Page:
Not that the GOP Congress has been much better. Tax Freedom Day was May 4 in ’95, the first year of GOP leadership.
True, the Senate did hold two rounds of hearings on IRS abuses. Senators worked themselves into a lather over taxpayer mistreatment.
In the words of Minority Leader Tom Daschle, D-S.D.: “We need to get on with … restructuring the IRS, sensitizing them.” Even President Clinton said he was “outraged” by the stories of intimidation and abuse.
Such public shows of indignation are insincere. After all, Congress wrote and the president signed the ridiculously complex tax code we have today. They spent the money collected by the IRS. In short, they are the real culprits. Tinkering with IRS enforcement practices is not nearly enough.
But neither party seems very interested in reducing the tax burden. Clinton proposed $150 billion in new spending this year alone. The GOP transportation bill busts budget caps set just last summer. The prospect of a surplus has left both parties with visions of pork dancing in their heads.
Serious reform should start with slashing spending. And no fake “cuts” in an artificial budget baseline for future years — instead, real cuts in outlays this year. Last year’s budget deal put three‐fourths of the supposed spending reductions beyond the year 2000 — one presidential and two congressional elections away.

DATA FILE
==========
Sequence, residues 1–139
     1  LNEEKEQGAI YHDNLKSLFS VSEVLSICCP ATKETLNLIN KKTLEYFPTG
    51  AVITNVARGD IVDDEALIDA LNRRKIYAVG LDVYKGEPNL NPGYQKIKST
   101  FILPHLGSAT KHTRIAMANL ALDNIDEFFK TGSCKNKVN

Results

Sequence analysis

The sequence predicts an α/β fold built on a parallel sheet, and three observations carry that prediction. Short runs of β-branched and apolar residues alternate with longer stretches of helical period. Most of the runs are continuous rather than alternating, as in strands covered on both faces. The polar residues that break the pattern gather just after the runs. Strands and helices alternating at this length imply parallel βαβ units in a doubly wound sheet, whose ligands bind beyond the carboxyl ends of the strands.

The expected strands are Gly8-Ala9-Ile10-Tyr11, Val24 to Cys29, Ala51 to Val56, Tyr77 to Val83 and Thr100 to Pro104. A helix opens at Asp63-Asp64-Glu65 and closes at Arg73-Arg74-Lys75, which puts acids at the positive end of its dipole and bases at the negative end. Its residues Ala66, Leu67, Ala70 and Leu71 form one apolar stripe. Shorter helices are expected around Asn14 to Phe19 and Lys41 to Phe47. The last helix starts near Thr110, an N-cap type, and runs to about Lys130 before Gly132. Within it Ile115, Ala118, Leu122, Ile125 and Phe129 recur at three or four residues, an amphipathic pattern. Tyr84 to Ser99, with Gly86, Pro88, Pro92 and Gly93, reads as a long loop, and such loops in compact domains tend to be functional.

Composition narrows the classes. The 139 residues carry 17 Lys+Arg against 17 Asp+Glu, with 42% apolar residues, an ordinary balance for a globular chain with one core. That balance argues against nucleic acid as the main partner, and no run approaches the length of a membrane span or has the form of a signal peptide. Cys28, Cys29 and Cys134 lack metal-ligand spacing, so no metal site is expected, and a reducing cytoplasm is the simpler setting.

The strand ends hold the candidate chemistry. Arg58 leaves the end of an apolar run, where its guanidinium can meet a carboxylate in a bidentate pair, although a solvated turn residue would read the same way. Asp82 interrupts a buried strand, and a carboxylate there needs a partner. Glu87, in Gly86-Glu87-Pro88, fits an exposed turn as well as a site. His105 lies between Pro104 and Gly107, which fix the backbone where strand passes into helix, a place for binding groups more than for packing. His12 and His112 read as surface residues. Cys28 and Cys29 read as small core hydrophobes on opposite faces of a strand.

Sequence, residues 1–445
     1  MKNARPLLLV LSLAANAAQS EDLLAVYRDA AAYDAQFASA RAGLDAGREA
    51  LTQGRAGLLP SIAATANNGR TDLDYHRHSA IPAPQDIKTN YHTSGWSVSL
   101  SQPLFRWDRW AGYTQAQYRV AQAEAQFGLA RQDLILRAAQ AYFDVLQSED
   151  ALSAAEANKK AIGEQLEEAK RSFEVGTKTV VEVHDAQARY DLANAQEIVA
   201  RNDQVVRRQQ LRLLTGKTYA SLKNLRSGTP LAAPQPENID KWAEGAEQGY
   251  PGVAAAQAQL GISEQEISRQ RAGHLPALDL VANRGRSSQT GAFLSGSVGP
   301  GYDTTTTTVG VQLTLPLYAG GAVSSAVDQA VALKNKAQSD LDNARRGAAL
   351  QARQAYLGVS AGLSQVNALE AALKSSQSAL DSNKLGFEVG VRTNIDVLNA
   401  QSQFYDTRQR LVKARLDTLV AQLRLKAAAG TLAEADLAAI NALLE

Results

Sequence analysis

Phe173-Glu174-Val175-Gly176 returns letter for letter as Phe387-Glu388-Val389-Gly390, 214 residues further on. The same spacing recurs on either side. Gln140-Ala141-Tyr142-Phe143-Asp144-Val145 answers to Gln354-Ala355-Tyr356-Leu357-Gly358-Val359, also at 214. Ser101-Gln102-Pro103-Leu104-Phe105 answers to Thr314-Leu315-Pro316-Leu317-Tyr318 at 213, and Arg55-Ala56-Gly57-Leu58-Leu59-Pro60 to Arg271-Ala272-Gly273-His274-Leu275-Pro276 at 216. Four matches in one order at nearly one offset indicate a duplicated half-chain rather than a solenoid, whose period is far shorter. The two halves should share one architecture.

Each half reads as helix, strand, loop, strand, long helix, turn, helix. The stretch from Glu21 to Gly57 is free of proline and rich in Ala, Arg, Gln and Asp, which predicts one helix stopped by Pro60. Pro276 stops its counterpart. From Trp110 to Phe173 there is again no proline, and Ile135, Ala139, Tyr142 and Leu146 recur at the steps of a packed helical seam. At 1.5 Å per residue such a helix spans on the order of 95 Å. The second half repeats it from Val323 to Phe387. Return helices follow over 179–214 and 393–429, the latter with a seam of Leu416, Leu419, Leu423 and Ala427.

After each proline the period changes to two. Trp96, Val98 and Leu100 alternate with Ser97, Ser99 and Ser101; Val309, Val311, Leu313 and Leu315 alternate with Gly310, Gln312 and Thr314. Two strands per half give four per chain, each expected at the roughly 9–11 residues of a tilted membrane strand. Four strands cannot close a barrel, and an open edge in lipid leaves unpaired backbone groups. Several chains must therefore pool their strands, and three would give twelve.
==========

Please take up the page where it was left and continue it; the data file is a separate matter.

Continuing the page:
Targets aren’t hard to come by. Why should the U.S. underwrite the retirement and health care of wealthy Americans? Why should the government fund massive job training programs that don’t work?
And spending cuts would allow big tax cuts. Repealing all of Clinton’s hikes would be a good start — but only a start. The moral premise is simple:
Workers’ earnings belong to them, not to the government. They should be taxed only enough to fund genuinely vital programs and no more.
But tax cuts shouldn’t be held hostage to corresponding spending reductions. Tax cuts are necessary even if deficits result. Lower spending and reduced taxes even with red ink are better than higher spending and bigger taxes with black ink. Deficits help restrain congressional spending.
Everybody — even the much‐maligned “rich’ — deserves tax relief. The top 1% of earners pay nearly a third of all taxes. Today’s system, based on envy, unfairly punishes success. Instead of discouraging achievement, Uncle Sam should encourage people to prosper.
Along with tax reduction should come tax simplification. That could be a national sales tax or flat income tax. The goal should be to end social engineering by Congress and thuggish enforcement by the IRS. We would all benefit from more freedom as well as greater economic efficiency.
Most politicians who claim to speak for taxpayers do so with forked tongues. They raise tax burdens while promising tax relief. Americans who have just now finished paying off their government tab should consider voting this year on one issue: Which candidate is most likely to move Tax Freedom Day back — way back — where it belongs?